When I was applying to dental school, I was full of hope, dreams and aspirations. My personal statement was chock-full of determination, resilience and steadfastness. Absolutely nothing was going to stop me from accomplishing my dream of getting into dental school.
In 2015, I was applying to the Dental College of Georgia at Augusta University as a re-applicant, and I was determined to show the admissions committee that I was worth the risk. I wanted to show them I offered more than what my application said about me.
During my first application cycle, the rejection letters had become my norm. My hope had reached an ultimate low. But the moment I received that acceptance phone call, I was completely full of joy. I didn’t care if I was the first person in my class or the last to be accepted. All that mattered was that I was in. It meant that one day, I was going to be a dentist. A dream come true, right?
Within the first few months of school, I quickly learned that dental school is a stressful environment. I was surrounded by brilliant minds and talented hands. Every single one of my classmates was gifted and hardworking. The course load, the environment and the expectations were completely new. I easily forgot the passion I had while trying to get into school. Now that I was in school, I wanted more. Residencies, awards, scholarships and class rank were constantly swirling in my mind. Comparison became my best friend. With each test, practical and assignment, I compared my performance with the people around me. Being gifted, brilliant and skillful was the new average. The bar had been raised, and I did everything in my power to surpass it. The idea that each critique and failure helped me to become a better dentist became a foreign concept. No matter how well I did, it was never enough. I was in a constant cycle of disappointing myself.
Two years into dental school, while staring NBDE Part I in the face, I learned a hard lesson. Comparisons are the thief of joy. At the end of the day, if I do my best, I will become a dentist.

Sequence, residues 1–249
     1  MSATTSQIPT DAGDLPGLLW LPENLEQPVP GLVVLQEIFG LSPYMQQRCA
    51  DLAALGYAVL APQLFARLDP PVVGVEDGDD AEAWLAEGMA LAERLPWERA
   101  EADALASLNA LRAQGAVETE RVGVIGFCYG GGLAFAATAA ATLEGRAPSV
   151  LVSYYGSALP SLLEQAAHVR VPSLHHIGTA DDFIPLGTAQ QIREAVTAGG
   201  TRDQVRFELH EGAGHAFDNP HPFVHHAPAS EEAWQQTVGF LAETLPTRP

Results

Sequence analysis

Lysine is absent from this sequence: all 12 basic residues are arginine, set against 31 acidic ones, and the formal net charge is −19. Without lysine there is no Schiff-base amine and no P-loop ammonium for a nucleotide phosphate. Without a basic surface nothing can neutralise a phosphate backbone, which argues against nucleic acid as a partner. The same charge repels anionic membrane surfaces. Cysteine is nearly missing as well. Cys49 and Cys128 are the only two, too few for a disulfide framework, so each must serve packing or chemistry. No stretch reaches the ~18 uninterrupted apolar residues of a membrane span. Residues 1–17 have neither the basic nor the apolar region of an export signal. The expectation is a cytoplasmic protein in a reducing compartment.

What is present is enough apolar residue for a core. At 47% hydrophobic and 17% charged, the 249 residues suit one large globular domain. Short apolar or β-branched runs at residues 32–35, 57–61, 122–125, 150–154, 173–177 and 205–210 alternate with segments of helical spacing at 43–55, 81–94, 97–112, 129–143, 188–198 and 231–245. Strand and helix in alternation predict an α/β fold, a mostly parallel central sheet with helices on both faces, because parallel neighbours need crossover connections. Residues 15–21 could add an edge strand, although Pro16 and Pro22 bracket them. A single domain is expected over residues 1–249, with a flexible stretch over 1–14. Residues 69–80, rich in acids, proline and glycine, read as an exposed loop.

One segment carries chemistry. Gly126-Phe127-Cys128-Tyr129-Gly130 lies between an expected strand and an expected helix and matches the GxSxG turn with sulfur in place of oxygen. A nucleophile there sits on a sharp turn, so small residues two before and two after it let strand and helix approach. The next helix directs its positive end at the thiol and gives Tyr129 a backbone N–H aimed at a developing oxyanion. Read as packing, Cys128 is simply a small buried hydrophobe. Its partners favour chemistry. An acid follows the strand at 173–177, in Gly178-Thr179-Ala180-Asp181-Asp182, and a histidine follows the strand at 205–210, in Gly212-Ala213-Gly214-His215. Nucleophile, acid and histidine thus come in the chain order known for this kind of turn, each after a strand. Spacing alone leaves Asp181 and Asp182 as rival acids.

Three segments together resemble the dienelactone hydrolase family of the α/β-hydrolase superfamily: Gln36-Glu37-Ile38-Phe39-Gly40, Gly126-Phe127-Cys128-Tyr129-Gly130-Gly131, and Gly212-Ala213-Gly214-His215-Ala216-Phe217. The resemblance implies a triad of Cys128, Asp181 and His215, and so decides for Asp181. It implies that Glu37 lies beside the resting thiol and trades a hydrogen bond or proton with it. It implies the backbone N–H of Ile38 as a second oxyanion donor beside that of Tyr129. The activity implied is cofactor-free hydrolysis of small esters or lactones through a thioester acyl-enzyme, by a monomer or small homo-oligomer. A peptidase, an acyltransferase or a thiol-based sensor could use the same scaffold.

I implore each of you to remember that grades do not define you. Remember that when you were applying to dental school, it was a triumph just to be accepted. Be proud of your accomplishments thus far, and do not put your worth in your school successes. You are more than a grade. Through failure, we get stronger. A lesson easily forgotten, but one we must remember during school.
These challenging years can easily be filled with jealousy and disappointment. Surround yourself with friends who are encouraging, inspiring and bring joy to your day. Take nights off, spend time with classmates without talking about school, and binge on Netflix every now and then. Dental school is an experience, but it is you who decides what type. Most importantly, remember why you chose this field. Remember why you are working so hard. Remember why you are making sacrifices. It probably is not because you love a perfect PFM margin or dropping a Class II box. On the hard days and the easy days, remember why, just as I will be doing up until the day I walk across that stage.
~Kristen Grisham, Georgia ’19